In Dungeons & Dragons 5th Edition, character alignment got a lot less crunch assigned to it. So Paladins are no longer as vulnerable to getting their powers yanked as they were. However, they still uphold various sacred oaths to get those powers, and so the Blackguard lives on as the "Oathbreaker Paladin" class variant. He gets a bunch of "evil-themed" warlock and necromancy spells, like animate dead and hellish rebuke, control undead and dreadful aspect forms for Channel Divinity, an aura that supes up all nearby undead and fiends(friend or foe), resistance to non-magical physical damage, and a suped-up aura of heartstopping terror. An Oathbreaker can attempt to redeem themselves, but once they succeed, they're on their last chance; a 5e Paladin who breaks their Oath and falls a second time after becoming an Oathbreaker Paladin once can never become any sort of Paladin again... other than an Oathbreaker.
The December 2016 Unearthed Arcana article for Paladins gives two new Oaths, both with an "evil Paladin" motif. The Oath of Conquest is technically worded that it would also fit a Harmonium style "well intentioned extremist" (or a Hellknight-esque warlord) Paladin, but the Oath of Treachery is explicitly called out as an alternative option to the Oathbreaker for fallen or villainous paladins. This Oath has no tenets, for obvious reasons, but gives a bundle of spells related to messing with peoples' minds, or escaping from danger - charm person, invisibility, dominate person, expeditious retreat, haste, gaseous form, confusion, mirror image and passwall. They can use their Channel Divinity to create an illusory double or conjure poison on their weapons, gain an Aura of Treachery at 7th level that gives them advantage on attacks directed at victims who have allies nearby and which lets them charm an attack into hitting somebody else three times per short rest, have the Blackguard's Escape (teleport + turn invisible as a reaction to being attacked once per encounter) a 15th level, and finally pick up the ability to turn into an Icon of Deceit at 20th level. In this state, for 1 minute they are invisible (but can hurt anyone they like without dispelling it), can dictate the next action of any creature that manages to damage them, and gain a bonus to damage rolls made when they land a hit that has advantage.
Blackguards in Pathfinder
In the Pathfinder setting, Antipaladins (as Blackguards are called here) are a "variant class", which basically takes the Paladin and reverses it Bizarro-style to create a demon-worshipping, Chaotic Evil monster. this also has archetypes that fall more towards other alignments but one critical factor is clear. They are all aligned with evil. Of those other Aligned Archetypes, there is the Insinuator (from the obviously titled "agents of evil", and covers every evil alignment), and the Tyrant (who is Lawful Evil, and originates from Ultimate Intrigue).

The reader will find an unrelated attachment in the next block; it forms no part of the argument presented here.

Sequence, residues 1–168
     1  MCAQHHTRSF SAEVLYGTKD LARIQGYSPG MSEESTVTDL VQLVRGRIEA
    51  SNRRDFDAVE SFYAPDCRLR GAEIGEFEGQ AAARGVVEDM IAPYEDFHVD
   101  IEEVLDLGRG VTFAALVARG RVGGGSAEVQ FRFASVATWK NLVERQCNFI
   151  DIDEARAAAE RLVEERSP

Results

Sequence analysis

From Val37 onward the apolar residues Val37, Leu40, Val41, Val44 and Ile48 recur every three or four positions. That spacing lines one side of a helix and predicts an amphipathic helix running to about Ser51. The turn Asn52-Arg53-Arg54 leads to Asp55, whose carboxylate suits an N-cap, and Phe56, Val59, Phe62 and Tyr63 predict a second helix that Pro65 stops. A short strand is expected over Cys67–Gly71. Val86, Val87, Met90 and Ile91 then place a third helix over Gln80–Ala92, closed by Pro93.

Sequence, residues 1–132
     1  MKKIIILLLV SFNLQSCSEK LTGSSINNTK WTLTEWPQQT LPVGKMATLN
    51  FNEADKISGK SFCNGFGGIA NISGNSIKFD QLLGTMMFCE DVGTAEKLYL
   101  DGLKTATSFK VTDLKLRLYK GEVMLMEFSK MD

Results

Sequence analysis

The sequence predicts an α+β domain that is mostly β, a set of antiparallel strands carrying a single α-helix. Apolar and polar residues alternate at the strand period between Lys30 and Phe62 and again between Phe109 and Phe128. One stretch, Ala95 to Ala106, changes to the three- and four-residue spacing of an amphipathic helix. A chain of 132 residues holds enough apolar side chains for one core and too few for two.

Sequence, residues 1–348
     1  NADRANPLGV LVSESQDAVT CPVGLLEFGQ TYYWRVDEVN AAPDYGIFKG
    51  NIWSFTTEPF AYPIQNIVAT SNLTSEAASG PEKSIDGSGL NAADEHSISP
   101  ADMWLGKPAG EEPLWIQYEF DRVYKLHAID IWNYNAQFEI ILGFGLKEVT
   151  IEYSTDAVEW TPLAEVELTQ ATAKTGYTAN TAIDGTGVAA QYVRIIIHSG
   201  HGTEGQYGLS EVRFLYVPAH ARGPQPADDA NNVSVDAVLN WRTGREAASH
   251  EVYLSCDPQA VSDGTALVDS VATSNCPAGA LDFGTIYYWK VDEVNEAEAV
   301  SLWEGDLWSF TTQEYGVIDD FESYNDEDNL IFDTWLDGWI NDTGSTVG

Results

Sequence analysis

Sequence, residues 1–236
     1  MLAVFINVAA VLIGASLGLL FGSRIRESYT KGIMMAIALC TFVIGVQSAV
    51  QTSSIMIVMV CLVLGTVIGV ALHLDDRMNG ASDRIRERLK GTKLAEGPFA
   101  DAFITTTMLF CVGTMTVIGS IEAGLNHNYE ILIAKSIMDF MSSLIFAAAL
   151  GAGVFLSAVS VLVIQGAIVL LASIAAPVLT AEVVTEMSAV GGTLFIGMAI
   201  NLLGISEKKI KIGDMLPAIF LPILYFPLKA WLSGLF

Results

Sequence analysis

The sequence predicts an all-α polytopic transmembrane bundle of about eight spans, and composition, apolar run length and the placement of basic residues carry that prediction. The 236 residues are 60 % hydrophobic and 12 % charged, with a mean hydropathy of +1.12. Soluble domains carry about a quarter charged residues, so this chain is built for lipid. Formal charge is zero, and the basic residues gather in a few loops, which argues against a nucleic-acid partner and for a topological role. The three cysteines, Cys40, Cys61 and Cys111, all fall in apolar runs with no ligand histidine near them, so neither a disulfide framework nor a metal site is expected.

|Dungeons & Dragons 4th Edition Classes|
|Player's Handbook 1:||Cleric - Fighter - Paladin - Ranger - Rogue - Warlock - Warlord - Wizard|
|Player's Handbook 2:||Avenger - Barbarian - Bard - Druid - Invoker - Shaman - Sorcerer - Warden|
|Player's Handbook 3:||Ardent - Battlemind - Monk - Psion - Runepriest - Seeker|
|Heroes of X:||Blackguard - Binder - Elementalist - Hexblade - Sha'ir - Vampire - Witch|
|Settings Book:||Artificer - Swordmage|
|Others:||Paragon Path - Epic Destiny|
|The Classes of Pathfinder|
|Core Classes:|| Barbarian - Bard - Cleric - Druid - Fighter - Monk |
Paladin - Ranger - Rogue - Sorcerer - Wizard
| Arcanist - Bloodrager - Brawler - Hunter - Investigator |
Shaman - Skald - Slayer - Swashbuckler - Warpriest
| Alchemist - Antipaladin - Cavalier |
Inquisitor - Oracle - Summoner - Witch
| Kineticist - Medium - Mesmerist |
Occultist - Psychic - Spiritualist
|Ultimate X:||Gunslinger - Magus- Ninja - Samurai - Shifter - Vigilante|
| Aegis - Cryptic - Dread - Marksman |
Psion - Psychic Warrior - Soulknife
Tactician - Vitalist - Wilder
|Path of War:||Harbinger - Mystic - Stalker - Warder - Warlord - Zealot|